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‘Mom and Dad’ (review)

Produced by Christopher Lemole, Tim Zajaros
Written and Directed by Brian Taylor
Starring Nicolas Cage, Selma Blair,
Anne Winters, Zackary Arthur, Olivia Crocicchia,
Brionne Davis, Samantha Lemole

 

An unexplained outbreak is causing parents to do the unthinkable: gleefully attempt to murder their own children. This premise separates Mom and Dad from other filicide flicks, such as The Omen or The Good Son, wherein the parent reluctantly wishes to kill their child because they are convinced they’re evil. Nope, these folks turn on a dime from being loving (or in some cases shitty but non-homicidal) parents to determined maniacs.

Cage and Blair play two such imperfect-but-loving parents who bemoan the lack of communication between them and their teenage daughter (a very good Winters). They still have a good relationship with their younger son, but for how long?

The fears of losing one’s youth and losing one’s child (whether figuratively or otherwise) are the themes here, and while examined superficially, they could have been scrutinized in far more depth here.

When I heard the premise of the film, I thought it sounded very interesting. When I heard it was with Nicolas Cage and Selma Blair, I became excited at the prospect of seeing these two scheming to slaughter their kids.

Well, be careful what you wish for, as Mom and Dad is just that for most of its running time: Cage and Blair scheming to kill their kids.  Nothing wrong with that, and in fact I liked Mom and Dad.  Blair is excellent and Cage, while uneven as usual lately, is mostly strong here and his awkward moments are made up for by his trademark “Cage-y” ones.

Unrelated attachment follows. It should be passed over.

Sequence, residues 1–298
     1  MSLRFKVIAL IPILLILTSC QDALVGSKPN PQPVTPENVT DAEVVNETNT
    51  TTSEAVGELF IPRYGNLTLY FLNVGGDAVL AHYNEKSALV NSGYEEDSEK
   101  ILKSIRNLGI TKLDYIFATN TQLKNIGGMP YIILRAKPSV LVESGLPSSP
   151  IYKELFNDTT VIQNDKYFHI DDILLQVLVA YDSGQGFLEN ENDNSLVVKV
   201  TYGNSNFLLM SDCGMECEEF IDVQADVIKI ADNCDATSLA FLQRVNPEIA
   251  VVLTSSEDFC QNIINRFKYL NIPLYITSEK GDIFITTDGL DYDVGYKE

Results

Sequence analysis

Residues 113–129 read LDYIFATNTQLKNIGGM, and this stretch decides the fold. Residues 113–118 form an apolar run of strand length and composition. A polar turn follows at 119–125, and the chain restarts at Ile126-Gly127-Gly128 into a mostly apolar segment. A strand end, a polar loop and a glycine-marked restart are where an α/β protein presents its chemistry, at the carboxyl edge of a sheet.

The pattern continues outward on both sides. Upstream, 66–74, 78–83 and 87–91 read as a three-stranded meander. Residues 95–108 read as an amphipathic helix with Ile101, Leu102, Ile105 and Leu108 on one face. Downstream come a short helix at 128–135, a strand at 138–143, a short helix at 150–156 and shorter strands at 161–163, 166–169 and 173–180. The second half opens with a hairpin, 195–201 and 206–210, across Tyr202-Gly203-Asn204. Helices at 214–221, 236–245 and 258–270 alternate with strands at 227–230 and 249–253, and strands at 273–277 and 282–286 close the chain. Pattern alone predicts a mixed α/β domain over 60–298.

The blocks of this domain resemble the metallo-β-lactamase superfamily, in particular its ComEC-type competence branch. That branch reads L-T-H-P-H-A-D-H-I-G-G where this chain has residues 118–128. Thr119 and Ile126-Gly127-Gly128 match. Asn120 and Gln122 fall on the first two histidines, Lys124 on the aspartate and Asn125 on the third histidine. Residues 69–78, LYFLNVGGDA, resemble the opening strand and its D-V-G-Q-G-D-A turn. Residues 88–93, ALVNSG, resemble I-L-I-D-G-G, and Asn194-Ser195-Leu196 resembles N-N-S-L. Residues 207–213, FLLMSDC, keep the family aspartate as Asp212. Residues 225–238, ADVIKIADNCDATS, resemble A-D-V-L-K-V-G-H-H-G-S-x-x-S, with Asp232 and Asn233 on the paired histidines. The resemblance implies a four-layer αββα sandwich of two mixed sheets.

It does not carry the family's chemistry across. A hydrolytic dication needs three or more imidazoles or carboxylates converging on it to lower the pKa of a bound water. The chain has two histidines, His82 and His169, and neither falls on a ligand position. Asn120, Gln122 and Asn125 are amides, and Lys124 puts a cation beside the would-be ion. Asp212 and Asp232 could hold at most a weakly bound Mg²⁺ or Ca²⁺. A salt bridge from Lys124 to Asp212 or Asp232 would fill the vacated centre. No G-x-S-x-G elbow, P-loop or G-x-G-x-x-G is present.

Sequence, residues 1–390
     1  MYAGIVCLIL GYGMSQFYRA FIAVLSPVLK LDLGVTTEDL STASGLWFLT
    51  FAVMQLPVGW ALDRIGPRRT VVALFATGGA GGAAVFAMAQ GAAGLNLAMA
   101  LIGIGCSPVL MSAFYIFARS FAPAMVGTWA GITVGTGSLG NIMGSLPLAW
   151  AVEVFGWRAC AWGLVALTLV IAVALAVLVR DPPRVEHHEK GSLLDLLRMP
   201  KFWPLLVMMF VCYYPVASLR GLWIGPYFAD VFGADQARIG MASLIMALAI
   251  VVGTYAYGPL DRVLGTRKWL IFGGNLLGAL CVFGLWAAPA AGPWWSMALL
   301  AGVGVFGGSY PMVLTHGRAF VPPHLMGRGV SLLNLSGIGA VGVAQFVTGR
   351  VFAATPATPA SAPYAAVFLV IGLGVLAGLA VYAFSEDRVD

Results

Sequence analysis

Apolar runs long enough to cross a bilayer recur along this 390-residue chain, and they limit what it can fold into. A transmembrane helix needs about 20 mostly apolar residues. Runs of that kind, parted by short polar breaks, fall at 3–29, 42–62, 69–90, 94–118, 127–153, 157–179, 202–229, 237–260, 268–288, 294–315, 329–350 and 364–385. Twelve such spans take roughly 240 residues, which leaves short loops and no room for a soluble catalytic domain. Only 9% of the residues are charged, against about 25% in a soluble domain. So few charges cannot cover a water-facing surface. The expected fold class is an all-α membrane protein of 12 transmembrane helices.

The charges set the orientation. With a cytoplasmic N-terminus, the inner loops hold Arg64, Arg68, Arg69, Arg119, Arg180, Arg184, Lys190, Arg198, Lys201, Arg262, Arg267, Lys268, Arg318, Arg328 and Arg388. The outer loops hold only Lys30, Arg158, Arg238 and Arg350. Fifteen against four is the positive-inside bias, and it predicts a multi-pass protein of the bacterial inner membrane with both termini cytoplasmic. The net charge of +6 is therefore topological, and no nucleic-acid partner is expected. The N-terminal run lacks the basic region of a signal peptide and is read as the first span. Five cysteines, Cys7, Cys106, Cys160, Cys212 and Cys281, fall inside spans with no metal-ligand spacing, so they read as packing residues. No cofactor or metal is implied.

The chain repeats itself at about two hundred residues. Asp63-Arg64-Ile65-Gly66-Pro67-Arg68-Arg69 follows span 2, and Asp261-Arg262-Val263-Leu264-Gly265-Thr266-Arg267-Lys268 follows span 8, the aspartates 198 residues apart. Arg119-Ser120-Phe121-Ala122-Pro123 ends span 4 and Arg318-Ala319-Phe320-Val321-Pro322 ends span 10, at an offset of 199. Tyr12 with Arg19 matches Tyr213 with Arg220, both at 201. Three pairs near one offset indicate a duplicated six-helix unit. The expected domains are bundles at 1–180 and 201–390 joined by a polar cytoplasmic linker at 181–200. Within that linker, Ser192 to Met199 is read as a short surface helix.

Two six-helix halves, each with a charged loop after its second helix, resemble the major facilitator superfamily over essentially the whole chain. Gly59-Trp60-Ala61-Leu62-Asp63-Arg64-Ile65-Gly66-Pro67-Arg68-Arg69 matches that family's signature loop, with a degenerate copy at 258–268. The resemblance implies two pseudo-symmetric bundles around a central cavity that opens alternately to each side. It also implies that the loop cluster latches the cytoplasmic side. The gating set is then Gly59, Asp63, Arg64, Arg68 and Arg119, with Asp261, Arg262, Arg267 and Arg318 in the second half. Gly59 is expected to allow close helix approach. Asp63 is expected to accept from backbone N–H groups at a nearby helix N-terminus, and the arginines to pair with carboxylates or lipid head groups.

After some fun opening titles and the introduction of the family and their dysfunctions, Mom and Dad kicks into high gear fairly quickly and rarely lets up. This film qualifies as fast-paced, sick fun, with various parents killing their kids in over-the-top, nasty ways (the film is directed by Brian Taylor, one half of the directing team behind the bonkers Crank films) before settling in to becoming basically a siege thriller, with the kids hiding out in the basement as Cage and Blair try any way they can to either get themselves down there or force the kids out.

To reiterate, Mom and Dad is entertaining (this depends, of course, on your having the stomach for this premise), but while I got what I wanted, I realized I really wanted more. As mentioned earlier, there are thematic nods to getting old and having responsibilities and being jealous of your kids’ youth, but I wish the film had gone much further. I felt Larry Cohen’s It’s Alive covered the filicide angle with much more aplomb and was more affecting and disturbing (to be fair, it’s a very different premise with different intentions but there are similarities).

In fact, I was quite surprised that I rarely – if ever – found Mom and Dad to be disturbing at all.

Whether or not that’s a good or bad thing is up to the individual viewer (as is whether or not the film is actually disturbing), but while I certainly was hoping for a crazy, mean flick with an unhinged Cage going ballistic on his kids (and I mostly received that), I really thought it should have upped the ante with some vicious satire, brutally honest revelations about parenthood, and some actual emotional resonance.

But, you can’t have everything, and despite my greed for substance, I still would call Mom and Dad a success. If you dig nasty, fun horror flicks and especially if you like Cage or Blair, give Mom and Dad a whirl.

 

Mom and Dad is now in theaters, on VOD and Digital HD

 

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